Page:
Dhaka : The two main political parties of Bangladesh have disapproved of the Election Commission's proposal to reserve 33 percent of nominations for women in elections, despite both being headed by women who have ruled the country.
The country's oldest political party the Awami League, headed by Sheikh Hasina, and the Bangladesh Nationalist Party (BNP), led by Begum Khaleda Zia, expressed their reservations about the proposal, which the Election Commission and the interim government want to implement as part of electoral reforms.
Besides Sheikh Hasina and Begum Khaleda Zia, the two former prime ministers around whose rivalry Bangladesh's politics has revolved since the 1980s, the country has always had a plethora of women in public life. Their role has been relatively better than other South Asian countries, political analysts say.
Another cause of unhappiness is the electoral body's proposal to ban political parties from having youth or student fronts. Both the parties traditionally draw their cadres from these fronts.
"We generally support most of the commission's proposals to bring reforms in political parties. But it will not be possible to accommodate 33 percent female representatives in each and every committee," Awami League general secretary Abdul Jalil was quoted as saying by the New Age newspaper.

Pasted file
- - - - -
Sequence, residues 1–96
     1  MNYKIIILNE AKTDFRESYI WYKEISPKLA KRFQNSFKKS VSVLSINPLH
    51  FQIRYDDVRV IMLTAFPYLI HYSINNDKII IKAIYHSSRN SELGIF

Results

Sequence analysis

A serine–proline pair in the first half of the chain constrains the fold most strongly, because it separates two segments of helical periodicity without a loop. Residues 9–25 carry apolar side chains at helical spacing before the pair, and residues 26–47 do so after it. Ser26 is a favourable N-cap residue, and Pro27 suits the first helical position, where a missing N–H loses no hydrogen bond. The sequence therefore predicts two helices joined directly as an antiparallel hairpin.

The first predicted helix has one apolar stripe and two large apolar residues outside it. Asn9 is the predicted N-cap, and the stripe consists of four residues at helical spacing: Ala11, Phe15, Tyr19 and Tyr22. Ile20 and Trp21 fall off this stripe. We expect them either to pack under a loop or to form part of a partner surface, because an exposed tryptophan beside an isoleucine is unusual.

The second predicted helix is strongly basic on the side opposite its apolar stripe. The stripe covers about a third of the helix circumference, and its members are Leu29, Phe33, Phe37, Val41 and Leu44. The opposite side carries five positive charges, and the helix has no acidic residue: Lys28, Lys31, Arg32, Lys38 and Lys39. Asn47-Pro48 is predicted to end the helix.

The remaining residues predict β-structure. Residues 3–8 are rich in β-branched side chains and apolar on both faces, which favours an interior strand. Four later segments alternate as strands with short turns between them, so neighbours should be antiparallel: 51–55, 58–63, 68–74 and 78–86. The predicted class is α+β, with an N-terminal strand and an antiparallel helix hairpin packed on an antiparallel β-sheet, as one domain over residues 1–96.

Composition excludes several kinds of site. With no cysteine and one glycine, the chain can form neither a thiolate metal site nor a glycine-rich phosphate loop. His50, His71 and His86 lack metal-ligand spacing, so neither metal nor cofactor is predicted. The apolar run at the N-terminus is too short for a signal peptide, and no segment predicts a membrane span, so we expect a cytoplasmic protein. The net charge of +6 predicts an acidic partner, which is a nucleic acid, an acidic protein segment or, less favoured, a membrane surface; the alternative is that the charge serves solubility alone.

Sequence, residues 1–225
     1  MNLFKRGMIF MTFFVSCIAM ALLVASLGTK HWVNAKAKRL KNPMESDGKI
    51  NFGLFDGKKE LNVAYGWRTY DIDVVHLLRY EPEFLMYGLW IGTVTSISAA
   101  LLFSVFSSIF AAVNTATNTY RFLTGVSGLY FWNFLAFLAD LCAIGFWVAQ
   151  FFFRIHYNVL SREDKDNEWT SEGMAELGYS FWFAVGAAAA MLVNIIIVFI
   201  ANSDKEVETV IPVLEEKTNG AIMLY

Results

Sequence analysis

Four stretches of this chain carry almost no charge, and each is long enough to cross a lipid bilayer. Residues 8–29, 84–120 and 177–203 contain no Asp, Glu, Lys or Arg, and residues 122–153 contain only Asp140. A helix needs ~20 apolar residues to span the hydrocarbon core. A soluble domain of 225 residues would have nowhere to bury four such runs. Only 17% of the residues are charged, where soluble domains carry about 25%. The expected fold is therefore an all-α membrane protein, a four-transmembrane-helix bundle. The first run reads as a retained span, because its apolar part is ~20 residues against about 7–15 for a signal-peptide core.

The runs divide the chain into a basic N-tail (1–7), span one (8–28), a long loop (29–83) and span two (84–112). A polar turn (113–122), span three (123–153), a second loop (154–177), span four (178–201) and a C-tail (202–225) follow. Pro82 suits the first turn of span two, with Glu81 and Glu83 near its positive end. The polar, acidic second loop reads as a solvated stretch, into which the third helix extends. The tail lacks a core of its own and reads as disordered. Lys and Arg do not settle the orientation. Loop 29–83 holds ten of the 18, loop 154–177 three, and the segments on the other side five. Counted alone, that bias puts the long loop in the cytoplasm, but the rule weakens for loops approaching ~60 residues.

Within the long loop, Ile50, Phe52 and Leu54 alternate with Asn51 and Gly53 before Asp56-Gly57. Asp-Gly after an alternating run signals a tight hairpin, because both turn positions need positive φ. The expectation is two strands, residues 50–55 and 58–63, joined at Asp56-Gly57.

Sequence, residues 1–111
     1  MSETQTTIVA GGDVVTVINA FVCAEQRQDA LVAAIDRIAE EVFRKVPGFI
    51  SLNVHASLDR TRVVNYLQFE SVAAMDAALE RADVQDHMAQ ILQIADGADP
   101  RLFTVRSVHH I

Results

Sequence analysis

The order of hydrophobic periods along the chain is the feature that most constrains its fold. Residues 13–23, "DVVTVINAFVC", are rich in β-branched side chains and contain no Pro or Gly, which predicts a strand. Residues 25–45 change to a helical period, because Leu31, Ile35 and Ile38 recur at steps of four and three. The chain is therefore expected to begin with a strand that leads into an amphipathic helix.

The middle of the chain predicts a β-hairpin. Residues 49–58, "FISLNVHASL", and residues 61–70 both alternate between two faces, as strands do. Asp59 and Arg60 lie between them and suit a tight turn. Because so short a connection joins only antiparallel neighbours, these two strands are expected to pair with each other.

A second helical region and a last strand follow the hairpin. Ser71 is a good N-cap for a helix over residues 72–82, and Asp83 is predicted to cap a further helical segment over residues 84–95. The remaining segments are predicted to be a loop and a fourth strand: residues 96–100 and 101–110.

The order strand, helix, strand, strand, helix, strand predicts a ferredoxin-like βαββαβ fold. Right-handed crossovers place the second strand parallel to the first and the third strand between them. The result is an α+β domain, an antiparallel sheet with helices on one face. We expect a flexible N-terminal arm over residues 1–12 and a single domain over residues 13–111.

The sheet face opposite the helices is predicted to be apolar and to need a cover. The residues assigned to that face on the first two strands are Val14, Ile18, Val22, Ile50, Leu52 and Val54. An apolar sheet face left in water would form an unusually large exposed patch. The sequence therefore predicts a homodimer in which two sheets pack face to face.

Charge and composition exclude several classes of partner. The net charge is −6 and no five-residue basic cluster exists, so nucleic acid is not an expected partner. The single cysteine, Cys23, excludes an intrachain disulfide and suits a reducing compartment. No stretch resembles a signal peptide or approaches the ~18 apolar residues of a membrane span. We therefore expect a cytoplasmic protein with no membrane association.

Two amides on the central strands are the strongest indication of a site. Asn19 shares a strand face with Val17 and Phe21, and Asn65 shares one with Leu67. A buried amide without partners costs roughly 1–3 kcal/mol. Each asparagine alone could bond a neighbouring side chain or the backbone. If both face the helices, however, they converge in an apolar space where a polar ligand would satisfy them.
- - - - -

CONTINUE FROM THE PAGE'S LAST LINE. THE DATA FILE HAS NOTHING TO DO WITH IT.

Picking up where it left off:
Jalil drew a line between women's participation in political activities and their being nominated to contest elections. He argued that the commission might have put forth such a proposal considering the participation of women leaders and activists in street demonstrations.
"But taking part in field-level programmes and leading an organisation at different tiers are not the same thing," he remarked.
Sheikh Hasina has led the Awami League from the front since 1981 and electoral reforms have been high on her political agenda.
M.K. Anwar, vice president of BNP, linked the women's issue to the country's culture and to the urban-rural divide wherein, according to him, rural women do not participate in political activities.
The Communist Party of Bangladesh too found the commission's proposal "unrealistic". Its general secretary, Mujahidul Islam Selim, said the spirit of incorporating women in different committees is appropriate. "But the proposed percentage is unrealistic."
On the idea of banning student fronts, a former student leader pointed out to the role played by youth groups in national movements and said the ban was unreasonable.
"The student community played a pioneering role in different national movements and the initiative taken by a quarter of the interim government (to control student politics) is illogical," said Sultan Mansur, a former vice-president of the Dhaka University Central Students Union (DUCSU).
"Student politics will survive by its own strength and the students will not bow to any external pressure," he said.